Charitable giving in Canada: What are the benefits and how to best proceed?
Statistics Canada reported that in 2017 total donations by Canadian tax filers rose to $9.6 billion, up 7.7% from 2016. The numbers are somewhat erratic from year to year but overall, the trend in total donations since 2011 has been going up. A more concerning fact is the consistent decline in the number of donating tax filers which fell by 48,840 (-0.9%) to 5,348,220 in 2017, continuing a trend which started in 2011. This reduction is partly attributed to the age demographic shift and with whom the wealth is concentrated. Specifically, the proportion of donating Canadian tax filers age 65 and older has grown from 24% of all donors in 2007 to 30% in 2017.
Why is charitable giving so important?
Charitable giving serves two very important purposes:
It allows individuals and businesses to reduce the amount of income tax they must pay.
It helps others that are in need or causes that are close to our heart.
Not to discount the importance of tax savings, multiple studies have indicated that helping others is the main motivator for engaging in charitable giving. A study by a University of Oregon professor found that charitable giving can elicit a surge of dopamine and endorphins that can lead to happiness and fulfillment. The same sentiment of feeling happier was experienced in another the study by professors at the University of Missouri – Columbia and the University of California – Riverside.
What are the financial benefits of charitable giving?
In 2019 the federal personal charitable donations tax credit rate was 15% on the first $200 and 29% on the remaining $200, and depending on your province of residence, there is an additional amount raising the overall tax credit towards 50% of the gift. Keep in mind that total donations allowed for credit can only be up to 75% of net income, but excess donation can be carried forward.
Corporations can also participate in charitable giving. Unlike a personal donation, corporations are entitled to a tax deduction for the donation amount against their income. This has the effect of reducing the company’s taxable income and its tax liability. There is no need to claim the full donation in a particular year as donations can be carried forward for up to five years. And life for individuals, a corporation can claim a deduction for charitable donations of up to 75% of net income for the year.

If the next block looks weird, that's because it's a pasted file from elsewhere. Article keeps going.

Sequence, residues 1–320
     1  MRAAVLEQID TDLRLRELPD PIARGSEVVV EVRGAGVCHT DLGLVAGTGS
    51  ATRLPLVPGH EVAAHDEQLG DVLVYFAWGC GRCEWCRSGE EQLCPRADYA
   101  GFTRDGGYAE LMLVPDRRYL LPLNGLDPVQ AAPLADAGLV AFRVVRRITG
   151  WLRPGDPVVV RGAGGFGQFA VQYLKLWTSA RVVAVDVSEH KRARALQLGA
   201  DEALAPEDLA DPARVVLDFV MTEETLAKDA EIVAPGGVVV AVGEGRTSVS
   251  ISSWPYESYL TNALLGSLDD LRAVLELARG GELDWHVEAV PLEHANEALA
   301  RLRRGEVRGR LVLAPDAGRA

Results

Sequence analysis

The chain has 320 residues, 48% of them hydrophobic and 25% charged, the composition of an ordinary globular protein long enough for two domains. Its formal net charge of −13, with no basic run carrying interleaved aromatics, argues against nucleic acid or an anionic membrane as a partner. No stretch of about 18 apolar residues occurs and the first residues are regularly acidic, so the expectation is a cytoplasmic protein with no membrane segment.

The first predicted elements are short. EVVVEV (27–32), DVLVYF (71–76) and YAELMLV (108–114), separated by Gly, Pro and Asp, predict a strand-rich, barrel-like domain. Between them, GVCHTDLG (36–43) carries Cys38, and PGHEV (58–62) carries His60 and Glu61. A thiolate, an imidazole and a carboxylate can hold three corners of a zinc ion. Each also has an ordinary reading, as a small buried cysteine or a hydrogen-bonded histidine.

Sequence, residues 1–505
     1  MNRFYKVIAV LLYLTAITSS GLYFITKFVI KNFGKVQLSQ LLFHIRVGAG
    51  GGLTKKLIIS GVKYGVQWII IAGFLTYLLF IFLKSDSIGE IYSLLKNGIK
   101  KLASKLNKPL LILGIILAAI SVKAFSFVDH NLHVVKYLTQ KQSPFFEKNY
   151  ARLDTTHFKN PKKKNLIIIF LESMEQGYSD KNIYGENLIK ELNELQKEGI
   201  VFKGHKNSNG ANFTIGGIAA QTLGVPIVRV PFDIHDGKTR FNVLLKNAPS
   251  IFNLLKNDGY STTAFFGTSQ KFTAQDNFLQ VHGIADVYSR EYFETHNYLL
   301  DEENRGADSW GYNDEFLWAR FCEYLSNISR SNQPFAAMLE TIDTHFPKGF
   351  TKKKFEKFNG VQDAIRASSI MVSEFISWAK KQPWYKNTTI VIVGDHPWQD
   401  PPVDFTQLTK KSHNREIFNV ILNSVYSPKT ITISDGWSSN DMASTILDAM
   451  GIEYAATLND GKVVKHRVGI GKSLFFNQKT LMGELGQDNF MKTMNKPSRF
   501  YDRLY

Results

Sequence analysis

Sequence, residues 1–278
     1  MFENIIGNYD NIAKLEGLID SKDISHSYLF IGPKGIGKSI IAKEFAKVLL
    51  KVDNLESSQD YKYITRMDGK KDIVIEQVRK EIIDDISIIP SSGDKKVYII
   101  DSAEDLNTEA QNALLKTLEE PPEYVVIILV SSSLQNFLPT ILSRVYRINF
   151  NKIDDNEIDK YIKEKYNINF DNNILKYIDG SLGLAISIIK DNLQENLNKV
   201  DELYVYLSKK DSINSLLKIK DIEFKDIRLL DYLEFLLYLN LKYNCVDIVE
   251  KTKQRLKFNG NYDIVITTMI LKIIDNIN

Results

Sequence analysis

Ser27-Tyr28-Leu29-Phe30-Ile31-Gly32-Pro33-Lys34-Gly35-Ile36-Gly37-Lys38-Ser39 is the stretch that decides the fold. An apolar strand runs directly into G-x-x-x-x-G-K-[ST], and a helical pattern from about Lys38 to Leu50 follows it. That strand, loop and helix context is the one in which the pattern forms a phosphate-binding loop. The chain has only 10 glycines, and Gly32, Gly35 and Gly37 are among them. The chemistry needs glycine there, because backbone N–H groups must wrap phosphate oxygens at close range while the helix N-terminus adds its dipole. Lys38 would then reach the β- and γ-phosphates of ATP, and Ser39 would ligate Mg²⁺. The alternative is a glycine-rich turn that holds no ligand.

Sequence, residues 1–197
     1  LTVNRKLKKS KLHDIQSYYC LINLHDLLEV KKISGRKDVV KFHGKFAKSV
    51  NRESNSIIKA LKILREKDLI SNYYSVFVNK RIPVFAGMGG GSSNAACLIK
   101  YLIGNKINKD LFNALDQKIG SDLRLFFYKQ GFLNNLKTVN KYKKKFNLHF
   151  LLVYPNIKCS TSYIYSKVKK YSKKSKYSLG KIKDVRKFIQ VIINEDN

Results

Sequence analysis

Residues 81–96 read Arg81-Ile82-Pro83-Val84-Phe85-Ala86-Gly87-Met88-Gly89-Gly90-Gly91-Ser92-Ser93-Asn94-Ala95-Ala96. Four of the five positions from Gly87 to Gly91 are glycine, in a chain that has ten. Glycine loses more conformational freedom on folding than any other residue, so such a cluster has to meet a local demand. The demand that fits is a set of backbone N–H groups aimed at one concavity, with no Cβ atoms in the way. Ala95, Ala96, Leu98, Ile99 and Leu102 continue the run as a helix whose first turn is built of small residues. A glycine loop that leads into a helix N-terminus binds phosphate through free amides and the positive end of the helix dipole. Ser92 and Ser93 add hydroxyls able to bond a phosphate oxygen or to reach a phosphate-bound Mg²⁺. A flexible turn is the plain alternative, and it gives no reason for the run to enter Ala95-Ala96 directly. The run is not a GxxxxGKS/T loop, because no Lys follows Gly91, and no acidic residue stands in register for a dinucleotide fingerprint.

For small business owners who also draw salaries from their business, deciding on whether a donation should be made personally or through their corporation would need to be analyzed based on their unique set of circumstances. Choosing personal versus a corporate donation would depend on many factors such as personal income, the corporation’s income, the type of donation (cash or securities) and a host of other variables.
Less well known to many Canadians is that in certain circumstances, a donation of securities in-kind can be made from a non-registered investment account. This would apply to both personal and corporate donations. Generally, it is much more beneficial to donate appreciated securities rather than cash because the capital appreciation will not be subject to a capital gains tax. So, in years of large capital growth a gift of securities can be worth a lot.
As the Canadian wealth distribution shifts to higher income segments of the population, we are seeing more families setting up private giving foundations. Private foundations are a way of giving back to society and building a philanthropic family legacy in a tax efficient manner. Moreover, with a private foundation, a family will have more control in funding the family’s favorite causes and can demonstrate to younger family members the values that the elders support.
How you can best proceed with charitable giving?
There are many ways in which you can give back to your community and causes that are close to your heart. Moreover, charitable giving can sometimes be complex, but this should not be a deterrent. A financial professional would be in a good position to assist you in evaluating on how best to proceed with charitable giving.